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Nihal C. Rajapakse and John W. Kelly

The response of chrysanthemum plants to varying R:FR ratios and phytochrome photoequilibrium values (Ø = Pfr/Ptot) was evaluated by growing plants under 6%, or 40% CuSO4 and water spectral filters. Using a narrow band-width (R = 655-665 and FR = 725-735 nm) and a broad bandwidth (R = 600-700 and FR = 700-800 nm) for R:FR calculation, 6% CUSO4 filter transmitted light with greater R:FR (3.9) and grater Ø (0.81) than 40% CuSO4 or water filters. Light transmitted through 40% CuSO4 and water filters had a similar narrow band R:FR ratio (1.2), but the broad band R:FR ratio (2.1) of 40% CuSO4 filter was higher than water filter. Estimated Ø value was similar for both water and 40% CuSO4 filters. Final height of plants grown in CuSO4 chambers was about 30% less than the plants in control chambers. The results suggest that broad band R:FR ratio correlated more closely to plant response than the narrow band R:FR ratio.

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Nihal C. Rajapakse and John W. Kelly

The use of light quality as an alternate method for controlling ornamental plant growth was evaluated using copper sulfate solutions as optical filters, The light passed through CuSO4 solutions had high red/far-red (R/FR) ratio. Plant height and average internode length were significantly reduced by high R/FR light. Plants grown under high R/FR light had smaller leaves and a lower total leaf area but had thicker leaves, as indicated by specific leaf weight, than the control plants. Fresh and dry weights of leaves, stems and roots were reduced by high R/FR light. Dry matter accumulation in leaves was increased by high R/FR light while it was reduced in stems. Exogenous gibberellic acid (GA) application partially overcame the height reduction under high R/FR light indicating that GA biosynthesis maybe affected by light treatment. Results suggests alteration of light quality could be used in controlling ornamental plant growth as an alternate method to conventional chemical growth regulator applications.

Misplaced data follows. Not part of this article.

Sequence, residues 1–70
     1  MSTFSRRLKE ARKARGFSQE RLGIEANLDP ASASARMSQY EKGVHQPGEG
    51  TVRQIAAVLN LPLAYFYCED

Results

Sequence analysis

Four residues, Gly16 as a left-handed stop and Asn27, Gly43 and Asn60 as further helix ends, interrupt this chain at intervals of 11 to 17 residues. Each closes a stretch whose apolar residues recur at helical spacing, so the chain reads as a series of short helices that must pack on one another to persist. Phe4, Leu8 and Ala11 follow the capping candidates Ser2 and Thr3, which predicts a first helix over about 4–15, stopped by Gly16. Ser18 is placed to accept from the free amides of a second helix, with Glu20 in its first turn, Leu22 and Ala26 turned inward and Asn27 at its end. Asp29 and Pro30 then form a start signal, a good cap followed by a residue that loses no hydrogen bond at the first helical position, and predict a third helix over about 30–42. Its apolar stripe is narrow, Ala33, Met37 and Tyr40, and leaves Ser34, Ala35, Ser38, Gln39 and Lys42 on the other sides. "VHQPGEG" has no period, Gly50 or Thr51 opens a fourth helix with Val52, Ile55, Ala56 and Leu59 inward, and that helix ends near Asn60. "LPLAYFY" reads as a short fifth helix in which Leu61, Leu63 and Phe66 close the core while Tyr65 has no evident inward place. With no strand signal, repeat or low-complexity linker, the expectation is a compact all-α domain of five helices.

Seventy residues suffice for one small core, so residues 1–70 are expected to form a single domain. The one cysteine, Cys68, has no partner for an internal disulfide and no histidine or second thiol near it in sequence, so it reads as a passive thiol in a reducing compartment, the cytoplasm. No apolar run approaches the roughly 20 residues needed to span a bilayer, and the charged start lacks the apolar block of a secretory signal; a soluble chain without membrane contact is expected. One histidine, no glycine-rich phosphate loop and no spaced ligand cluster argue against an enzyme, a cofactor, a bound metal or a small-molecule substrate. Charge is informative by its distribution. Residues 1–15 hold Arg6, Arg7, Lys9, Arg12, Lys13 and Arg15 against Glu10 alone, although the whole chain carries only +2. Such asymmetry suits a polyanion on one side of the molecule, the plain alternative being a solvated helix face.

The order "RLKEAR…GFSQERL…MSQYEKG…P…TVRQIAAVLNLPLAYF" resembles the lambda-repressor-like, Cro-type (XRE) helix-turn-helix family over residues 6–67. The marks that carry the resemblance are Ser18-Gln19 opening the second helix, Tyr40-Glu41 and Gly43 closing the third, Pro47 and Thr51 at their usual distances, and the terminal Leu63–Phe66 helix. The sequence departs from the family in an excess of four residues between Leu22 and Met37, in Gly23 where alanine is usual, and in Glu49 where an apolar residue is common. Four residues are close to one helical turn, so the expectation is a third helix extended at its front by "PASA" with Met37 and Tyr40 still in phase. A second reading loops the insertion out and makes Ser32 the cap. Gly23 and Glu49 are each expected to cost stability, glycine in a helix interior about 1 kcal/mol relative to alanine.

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Nihal C. Rajapakse and John W. Kelly